| The big free-tailed bat has long, narrow, tapering wings. The length and shape of the wings give it speed and enable it to fly long distances, but its flight is not as maneuverable as that of bats with shorter, broader wings. These bats live in rugged habitats in the Southwest in the summer and migrate to Mexico in the winter. When they are foraging, they emit echolocation calls that sound like clicks to human ears. Most bats use calls that are beyond the range of human hearing. The bats forage, mostly for large moths, in total darkness, not leaving their day roosts until well after sunset. Their tails extend well beyond the tail membrane (uropatagium), the membrane that stretches between the hind legs.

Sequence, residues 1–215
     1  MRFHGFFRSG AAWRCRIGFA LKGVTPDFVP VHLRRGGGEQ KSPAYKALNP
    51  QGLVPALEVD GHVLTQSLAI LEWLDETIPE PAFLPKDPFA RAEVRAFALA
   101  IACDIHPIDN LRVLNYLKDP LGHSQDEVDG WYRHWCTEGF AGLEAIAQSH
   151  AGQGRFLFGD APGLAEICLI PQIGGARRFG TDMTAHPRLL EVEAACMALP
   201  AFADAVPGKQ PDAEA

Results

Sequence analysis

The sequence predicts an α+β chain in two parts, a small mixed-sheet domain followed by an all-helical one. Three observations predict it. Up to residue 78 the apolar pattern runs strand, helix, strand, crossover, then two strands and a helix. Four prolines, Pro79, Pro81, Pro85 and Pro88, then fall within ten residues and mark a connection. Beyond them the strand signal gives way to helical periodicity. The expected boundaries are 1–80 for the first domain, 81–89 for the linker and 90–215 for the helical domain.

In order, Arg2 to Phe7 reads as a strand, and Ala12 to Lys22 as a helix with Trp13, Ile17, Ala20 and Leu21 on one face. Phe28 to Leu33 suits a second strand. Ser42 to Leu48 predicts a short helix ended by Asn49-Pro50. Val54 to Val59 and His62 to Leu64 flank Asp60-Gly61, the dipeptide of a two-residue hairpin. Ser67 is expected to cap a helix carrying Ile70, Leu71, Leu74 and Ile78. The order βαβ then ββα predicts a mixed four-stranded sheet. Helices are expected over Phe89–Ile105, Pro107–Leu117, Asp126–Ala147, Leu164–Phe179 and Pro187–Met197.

Males are slightly larger than females.
145-160 mm males; 120-139 mm females
Gray, J.E., 1840. Descriptions of some mammals discovered in Cuba by W.S. MacLeay, p. 5. Annals and Magazine of Natural History, 4:1-7.
Mammal Species of the World (opens in a new window).
Mammalian Species, American Society of Mammalogists' species account (opens in a new window).
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